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Sunak's £20bn tax rise plan sparks asset sell-off among wealthy

Harry Brennan
·4-min read
Rishi Sunak cartoon
Rishi Sunak cartoon
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Wealthy individuals are selling off investment portfolios and second homes in fear of massive tax increases rumoured to be in the Chancellor’s autumn Budget.

Others are piling as much money as possible into their pension pots as their advisers are telling them to take advantage of tax breaks and the relatively low rates on offer now, before they go up dramatically.

It is all in anticipation of Rishi Sunak’s next Budget, to be announced before the end of the year. HM Treasury officials are understood to be contemplating sweeping tax reforms to pay for coronavirus and plug what is predicted to be a £322bn deficit, with total Government debt now outweighing the entire economy.

Changes could include increasing capital gains tax to bring it in line with income tax, reforming the inheritance tax system and scrapping tax relief for pensions. These are expected to raise at least £20bn in just one year – the biggest tax grab in a generation.

Experts have said rises are inevitable and have warned that Mr Sunak has the power to implement changes with immediate effect, leaving no time for planning after the announcement. But many also believe the combination of depressed asset values and historically low rates of tax on investment profits make now an almost perfect time to restructure holdings – and the benefits of doing so could ultimately outweigh the duties incurred in the interim.

Charles Calkin, of advisers James Hambro & Partners, said he thought CGT rates were the most likely to be increased in line with income tax, as under Margaret Thatcher, and that he was writing to all of his clients to encourage them to put their affairs in order. “First we were worried about Jeremy Corbyn and now it is coronavirus,” he said.

CGT rates have never been lower, after former chancellor George Osborne introduced a new 10pc rate on small gains from shares for basic-rate taxpayers.

The rates are 18pc or 28pc for residential property and 10pc or 20pc for other assets, depending on your tax rate and the size of the gain.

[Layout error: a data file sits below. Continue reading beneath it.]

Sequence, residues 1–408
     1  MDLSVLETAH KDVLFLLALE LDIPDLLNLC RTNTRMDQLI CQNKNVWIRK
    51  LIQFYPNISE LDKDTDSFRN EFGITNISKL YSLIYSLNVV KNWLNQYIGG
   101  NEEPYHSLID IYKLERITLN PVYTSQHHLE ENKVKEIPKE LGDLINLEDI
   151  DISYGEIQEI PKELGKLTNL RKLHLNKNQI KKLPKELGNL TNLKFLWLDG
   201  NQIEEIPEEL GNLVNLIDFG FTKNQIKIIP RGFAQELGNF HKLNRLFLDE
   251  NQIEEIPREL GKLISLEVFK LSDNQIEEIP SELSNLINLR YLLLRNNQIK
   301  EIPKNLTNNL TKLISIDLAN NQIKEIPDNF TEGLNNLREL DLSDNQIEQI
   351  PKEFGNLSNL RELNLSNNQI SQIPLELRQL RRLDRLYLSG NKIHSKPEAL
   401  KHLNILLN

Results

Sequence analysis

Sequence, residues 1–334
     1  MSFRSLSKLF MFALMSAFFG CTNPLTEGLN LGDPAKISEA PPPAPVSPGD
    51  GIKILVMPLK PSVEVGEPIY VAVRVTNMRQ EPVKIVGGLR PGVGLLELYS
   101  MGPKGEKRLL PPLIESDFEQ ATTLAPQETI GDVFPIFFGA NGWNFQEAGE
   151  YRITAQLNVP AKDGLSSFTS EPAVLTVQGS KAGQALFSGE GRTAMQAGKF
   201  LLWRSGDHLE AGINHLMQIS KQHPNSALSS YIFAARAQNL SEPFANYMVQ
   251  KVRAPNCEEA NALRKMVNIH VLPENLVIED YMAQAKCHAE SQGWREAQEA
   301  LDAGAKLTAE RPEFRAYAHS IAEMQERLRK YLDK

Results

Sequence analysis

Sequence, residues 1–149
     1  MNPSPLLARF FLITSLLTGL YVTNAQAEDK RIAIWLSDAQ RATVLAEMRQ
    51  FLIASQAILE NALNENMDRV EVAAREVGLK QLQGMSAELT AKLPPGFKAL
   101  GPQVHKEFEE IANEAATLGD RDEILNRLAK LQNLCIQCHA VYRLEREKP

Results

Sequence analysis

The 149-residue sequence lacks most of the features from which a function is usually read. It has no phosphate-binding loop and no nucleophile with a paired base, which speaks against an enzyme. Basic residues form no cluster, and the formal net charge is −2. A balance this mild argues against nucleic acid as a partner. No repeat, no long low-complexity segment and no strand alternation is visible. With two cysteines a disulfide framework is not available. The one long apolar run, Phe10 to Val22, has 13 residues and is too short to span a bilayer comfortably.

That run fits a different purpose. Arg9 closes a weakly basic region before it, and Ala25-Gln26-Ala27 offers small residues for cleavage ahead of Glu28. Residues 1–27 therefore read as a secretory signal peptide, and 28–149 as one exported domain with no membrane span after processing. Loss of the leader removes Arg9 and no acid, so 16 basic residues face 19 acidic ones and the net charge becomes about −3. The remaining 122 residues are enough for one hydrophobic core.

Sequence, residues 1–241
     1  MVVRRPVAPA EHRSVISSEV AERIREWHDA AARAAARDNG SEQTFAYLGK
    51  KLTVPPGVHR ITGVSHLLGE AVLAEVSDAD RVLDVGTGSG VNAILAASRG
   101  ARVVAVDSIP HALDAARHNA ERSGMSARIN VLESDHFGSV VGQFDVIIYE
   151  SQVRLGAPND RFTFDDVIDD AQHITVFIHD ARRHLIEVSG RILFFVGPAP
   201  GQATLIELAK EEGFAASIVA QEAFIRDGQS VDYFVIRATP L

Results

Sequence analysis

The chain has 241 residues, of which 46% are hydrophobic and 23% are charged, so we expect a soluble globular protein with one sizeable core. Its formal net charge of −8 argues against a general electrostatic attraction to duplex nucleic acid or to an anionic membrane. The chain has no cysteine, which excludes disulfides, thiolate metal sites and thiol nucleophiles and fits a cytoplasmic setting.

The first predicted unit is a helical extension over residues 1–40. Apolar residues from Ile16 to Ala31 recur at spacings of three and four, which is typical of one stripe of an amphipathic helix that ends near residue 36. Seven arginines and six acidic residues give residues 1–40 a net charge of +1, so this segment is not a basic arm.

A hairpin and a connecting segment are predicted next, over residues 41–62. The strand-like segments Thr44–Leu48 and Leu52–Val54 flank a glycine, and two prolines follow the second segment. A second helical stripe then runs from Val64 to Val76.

It makes sense for investors to rearrange their affairs and take a small tax hit now before things change, said Mr Calkin. “Many are sitting with portfolios that are no longer suitable, with too many investments in old British firms, for example,” he said. “They should be selling now when taxes are low and making better investments that could offset that tax bill. We have other clients who are selling out and paying CGT, but then transferring the money into their pension and claiming up to 45pc in tax relief.”

Others are selling off investment properties or passing them down the generations early, preferring to pay CGT now rather than the 40pc rate of inheritance tax when they die.

“One of our clients has just gifted his holiday home, which will be free from IHT as long as he lives for another seven years,” said Mr Calkin. “Tax rules mean he has to pay market rent when he stays there for the exemption to qualify, but that money is going to his children and is another way to limit the amount of IHT he will eventually pay.”

Simon Goldring, of wealth advisers McDermott Will & Emery, said he was helping clients make property gifts now, even if there was still a mortgage to pay.

“Normally this would attract stamp duty, but due to the temporary suspension of the levy on properties of up to £500,000 it is a good time to do it – providing an immediate saving of up to £15,000 – and may offset any tax payable on the capital gain of the home too,” he said.

“In one case a client has made a partial transfer, gifting just 50pc of the property to take advantage of the stamp duty saving, as well as shielding the asset from IHT, while only paying a small rate of CGT. Clients are cautious, but depressed values in stock markets and higher value properties, coupled with the real threat of tax increases, makes now a good time to be doing these things.”

Carla Brown, of advice firm St James’s Place, said she was telling her clients to put as much as they could possibly afford into their pensions, in case the generous tax relief on contributions was slashed in the next Budget.

The maximum amount that can be saved into a retirement pot tax-free each year is £40,000, with tax relief due at the same rate you pay income tax, although the limit tapers off for those earning more than £240,000.

“Higher earners who have not made use of the full quota over the past three years can carry forward any unused allowance to save more,” said Ms Brown.

“[Governments] have considered slashing the higher 40pc and 45pc rates of pension tax relief before, but now more than ever could be the time for them to finally do it,” she said.